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Well Water Users Lose Big At Supreme Court

Supreme Court Deals Devastating Blow To Well Water Users

Image source: ChronicleJournal

Property owners’ ability to sue in well water-pollution cases has been severely limited by a new US Supreme Court decision.

The ruling in a case called CTS Corp v. Waldburger could make it far harder for victims of water contamination to get restitution.

“I am stunned by [the] decision,” retired Master Sgt. Jerry Ensminger, whose family was impacted by a similar incident, said. “It’s a blow to all victims exposed to and suffering from the health effects of toxic pollution.”

The court ruled that a group of property owners in Asheville, North Carolina, had no right to sue CTS because the 10-year deadline for suing had passed, even though some owners did not know about the contamination until after the timeframe. The property owners claim that their well water was contaminated by a long-defunct electronics plant operated by CTS in the area.

Boon to Polluters

“This Supreme Court ruling is a real boon for polluters, who will now be expressly rewarded for covering up contamination of a community’s water, land and air — and ultimately, people’s bodies,” Heather White, the executive director of the Environmental Working Group, said of the decision.

The court ruled that a North Carolina law limiting pollution lawsuits to 10 years after the contamination applied in the case. The property owners’ attorneys had argued that a federal law which establishes a wider time frame applied, and the Fourth Circuit Court of Appeals agreed. The Supreme Court overturned the Fourth Circuit’s ruling with its decision.

Ultra Efficient Water Filter Fits In Your Pocket!

Critics like White contend the CTS ruling will make it much easier for polluters to avoid responsibility. White is worried that polluters will simply try to hide their acts until statutes of limitations expire.

“Essentially, the court is saying that if polluters can keep their acts secret until the deadline set by the statute of repose expires, Americans have no right to sue,” White said. “This decision will give polluters a powerful financial incentive to conceal what they have done. It could unleash a deluge of industry-backed lobbying efforts in state after state, seeking to enact laws similar to the North Carolina statute and further undermining Americans’ right to protection from special interests.”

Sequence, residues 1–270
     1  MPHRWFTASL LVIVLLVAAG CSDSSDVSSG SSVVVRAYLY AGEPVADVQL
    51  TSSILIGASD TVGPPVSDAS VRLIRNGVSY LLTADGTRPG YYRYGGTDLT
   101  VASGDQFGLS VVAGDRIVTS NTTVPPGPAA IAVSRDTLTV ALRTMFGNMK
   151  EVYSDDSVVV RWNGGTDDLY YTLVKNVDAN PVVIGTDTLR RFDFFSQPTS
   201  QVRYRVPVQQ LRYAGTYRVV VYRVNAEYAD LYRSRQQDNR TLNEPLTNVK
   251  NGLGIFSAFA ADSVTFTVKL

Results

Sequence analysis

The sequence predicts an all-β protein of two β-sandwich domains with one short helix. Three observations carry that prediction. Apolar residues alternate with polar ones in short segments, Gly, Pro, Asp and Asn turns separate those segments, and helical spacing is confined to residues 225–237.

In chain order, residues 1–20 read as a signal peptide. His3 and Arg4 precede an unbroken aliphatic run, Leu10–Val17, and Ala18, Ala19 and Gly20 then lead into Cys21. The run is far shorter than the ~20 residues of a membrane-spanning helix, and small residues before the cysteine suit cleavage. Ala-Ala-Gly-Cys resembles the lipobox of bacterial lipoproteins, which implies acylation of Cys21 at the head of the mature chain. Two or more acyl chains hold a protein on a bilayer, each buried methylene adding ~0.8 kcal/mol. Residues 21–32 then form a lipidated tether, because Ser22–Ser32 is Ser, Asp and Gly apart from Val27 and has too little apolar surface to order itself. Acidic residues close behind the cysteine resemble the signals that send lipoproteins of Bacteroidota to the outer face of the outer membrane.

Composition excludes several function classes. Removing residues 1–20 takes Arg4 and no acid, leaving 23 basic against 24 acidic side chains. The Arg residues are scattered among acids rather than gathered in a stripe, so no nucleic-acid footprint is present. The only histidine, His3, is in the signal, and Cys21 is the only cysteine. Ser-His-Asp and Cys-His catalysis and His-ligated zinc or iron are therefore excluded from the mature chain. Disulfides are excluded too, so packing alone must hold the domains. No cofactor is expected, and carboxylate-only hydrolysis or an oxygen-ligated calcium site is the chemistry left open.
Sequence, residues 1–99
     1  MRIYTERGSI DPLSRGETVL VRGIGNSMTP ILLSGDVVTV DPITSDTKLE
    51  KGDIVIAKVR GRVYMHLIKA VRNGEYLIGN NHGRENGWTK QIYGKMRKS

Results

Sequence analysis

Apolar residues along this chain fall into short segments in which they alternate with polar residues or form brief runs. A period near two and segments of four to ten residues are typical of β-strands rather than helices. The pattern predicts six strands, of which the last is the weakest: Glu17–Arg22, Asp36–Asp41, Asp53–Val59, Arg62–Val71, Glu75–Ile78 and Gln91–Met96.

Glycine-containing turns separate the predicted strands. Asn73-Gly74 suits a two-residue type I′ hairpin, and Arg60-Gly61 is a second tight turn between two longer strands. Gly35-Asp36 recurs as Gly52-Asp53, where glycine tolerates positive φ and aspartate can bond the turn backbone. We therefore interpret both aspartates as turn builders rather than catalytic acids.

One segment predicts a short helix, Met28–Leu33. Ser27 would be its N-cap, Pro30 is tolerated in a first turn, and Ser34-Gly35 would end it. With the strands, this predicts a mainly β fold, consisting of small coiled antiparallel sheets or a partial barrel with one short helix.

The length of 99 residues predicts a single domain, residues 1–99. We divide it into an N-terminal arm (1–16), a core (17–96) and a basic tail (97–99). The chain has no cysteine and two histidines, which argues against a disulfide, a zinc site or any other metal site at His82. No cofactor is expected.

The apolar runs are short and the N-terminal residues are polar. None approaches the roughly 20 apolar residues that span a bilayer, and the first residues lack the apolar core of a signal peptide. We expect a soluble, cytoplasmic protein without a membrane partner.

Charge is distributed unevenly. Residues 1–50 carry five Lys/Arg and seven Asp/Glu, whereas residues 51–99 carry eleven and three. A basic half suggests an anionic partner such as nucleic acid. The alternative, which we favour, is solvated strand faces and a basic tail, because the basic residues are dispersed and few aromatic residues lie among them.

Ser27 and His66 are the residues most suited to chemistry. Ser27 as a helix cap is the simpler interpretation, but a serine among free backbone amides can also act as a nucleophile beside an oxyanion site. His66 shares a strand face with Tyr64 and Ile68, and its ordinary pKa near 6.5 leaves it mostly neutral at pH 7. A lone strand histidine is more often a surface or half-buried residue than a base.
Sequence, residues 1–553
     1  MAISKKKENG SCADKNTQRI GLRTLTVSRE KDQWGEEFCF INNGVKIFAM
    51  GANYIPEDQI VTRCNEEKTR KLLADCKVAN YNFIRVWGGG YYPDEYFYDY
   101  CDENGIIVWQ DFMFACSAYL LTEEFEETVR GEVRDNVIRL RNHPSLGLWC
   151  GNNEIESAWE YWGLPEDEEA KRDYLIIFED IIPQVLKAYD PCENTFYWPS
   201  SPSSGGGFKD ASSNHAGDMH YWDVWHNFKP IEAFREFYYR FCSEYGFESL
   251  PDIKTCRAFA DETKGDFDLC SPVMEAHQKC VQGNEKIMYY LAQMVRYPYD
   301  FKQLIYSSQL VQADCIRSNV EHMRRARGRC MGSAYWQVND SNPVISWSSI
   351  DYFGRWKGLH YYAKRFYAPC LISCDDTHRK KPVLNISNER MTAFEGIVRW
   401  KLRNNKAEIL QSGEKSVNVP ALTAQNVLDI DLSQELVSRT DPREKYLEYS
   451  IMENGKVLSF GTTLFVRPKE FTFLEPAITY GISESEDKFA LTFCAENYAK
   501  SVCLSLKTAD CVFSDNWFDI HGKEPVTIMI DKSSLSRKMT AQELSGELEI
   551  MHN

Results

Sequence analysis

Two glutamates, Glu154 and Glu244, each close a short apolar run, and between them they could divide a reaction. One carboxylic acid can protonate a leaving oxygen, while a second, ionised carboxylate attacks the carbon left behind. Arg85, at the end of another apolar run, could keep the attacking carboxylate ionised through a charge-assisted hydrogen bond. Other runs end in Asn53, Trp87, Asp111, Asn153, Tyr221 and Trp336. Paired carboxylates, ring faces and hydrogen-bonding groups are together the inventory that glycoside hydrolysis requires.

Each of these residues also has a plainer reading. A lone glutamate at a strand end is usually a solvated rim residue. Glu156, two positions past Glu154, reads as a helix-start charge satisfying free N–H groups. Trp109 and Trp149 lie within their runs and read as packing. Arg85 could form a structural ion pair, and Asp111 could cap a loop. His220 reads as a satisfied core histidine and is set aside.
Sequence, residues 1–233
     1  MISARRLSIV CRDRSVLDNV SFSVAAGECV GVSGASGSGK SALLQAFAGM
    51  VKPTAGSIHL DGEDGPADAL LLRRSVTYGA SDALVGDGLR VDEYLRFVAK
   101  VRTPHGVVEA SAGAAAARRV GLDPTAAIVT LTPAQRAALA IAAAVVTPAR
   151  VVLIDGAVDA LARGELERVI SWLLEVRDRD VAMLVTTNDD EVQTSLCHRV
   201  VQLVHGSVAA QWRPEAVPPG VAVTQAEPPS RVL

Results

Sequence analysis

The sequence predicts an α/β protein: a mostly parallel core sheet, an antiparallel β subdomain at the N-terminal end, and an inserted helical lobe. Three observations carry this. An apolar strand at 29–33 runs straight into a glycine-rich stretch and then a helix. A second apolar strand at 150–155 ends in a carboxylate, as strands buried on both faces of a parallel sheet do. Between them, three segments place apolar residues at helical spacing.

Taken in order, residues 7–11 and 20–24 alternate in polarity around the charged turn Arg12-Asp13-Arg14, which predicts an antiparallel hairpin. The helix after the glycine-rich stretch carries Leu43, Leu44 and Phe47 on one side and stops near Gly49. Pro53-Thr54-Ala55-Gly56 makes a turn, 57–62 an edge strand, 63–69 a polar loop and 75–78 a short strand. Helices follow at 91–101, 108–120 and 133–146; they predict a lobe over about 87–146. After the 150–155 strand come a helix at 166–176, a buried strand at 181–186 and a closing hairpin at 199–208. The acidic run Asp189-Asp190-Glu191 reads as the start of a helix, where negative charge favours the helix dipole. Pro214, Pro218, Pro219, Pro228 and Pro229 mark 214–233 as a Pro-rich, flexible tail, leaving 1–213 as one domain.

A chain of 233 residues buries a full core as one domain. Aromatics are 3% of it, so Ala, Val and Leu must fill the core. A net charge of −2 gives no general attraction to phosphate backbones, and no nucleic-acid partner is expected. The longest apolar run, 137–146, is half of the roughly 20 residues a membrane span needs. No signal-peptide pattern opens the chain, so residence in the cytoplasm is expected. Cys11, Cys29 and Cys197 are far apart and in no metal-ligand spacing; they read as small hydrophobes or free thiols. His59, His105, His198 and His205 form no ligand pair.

well water -- WeFindWaterDOTcomWhite is afraid that oil and gas drillers that use fracking, and other companies accused of water pollution, will get such laws on the books in other states. Some property owners are charging that fracking contaminates water wells, as Off The Grid News has reported.

“It’s very devastating to me,” property owner Dot Rice said. Rice lives just 1,000 feet from the site of the CTS factory. “The contamination has gotten much worse. There are more people getting sick and now there can be nothing done about it.”

Rice and other residents didn’t learn about the water contamination in their area until 1997, but the CTS factory shut down in 1987. The case could impact large numbers of homeowners in North Carolina and beyond.

Obama Administration Accused of Siding with Polluters

Ensminger could be impacted because his family’s water was contaminated by pollution from the Camp Lejeune Marine Base in Jacksonville, North Carolina. Ensminger blames the water pollution for the leukemia that killed his 9-year-old daughter in 1985. He’s afraid that the CTS ruling will keep him from suing the federal government. The Camp Lejeune water was from wells, too.

“This decision is ludicrous,” said Ensminger. “Basically what this is telling industry and polluters is, ‘Hey, if you’re deceitful and devious enough to cross that 10-year finish line, we’re going to reward you.”

“The Obama administration was on the side of the polluter,” Ensminger charged.

The veteran was one of a number of critics who noted that the US Department of Justice had filed a brief in defense of CTS in April.

“We are incredibly disappointed in the position taken by the Obama administration, which sided with the polluter in this case by arguing for limiting the reach of federal environmental law,” White said. “It’s a travesty that the administration would do so in an effort to avoid answering to the victims of industrial pollution at Camp Lejeune, people who for years were unknowingly exposed to dangerous chemicals in the water of the military base. This ruling adds more than another insult to injury to these veterans; it may ultimately rob them of the justice they deserve.”

White and Ensminger contend that the Obama Administration was trying to avoid having to pay restitution to Marines and family members who were allegedly sickened by water pollution at Camp Lejeune.

Was the Supreme Court’s ruling right or wrong? Let us know what you think in the comments section below. 

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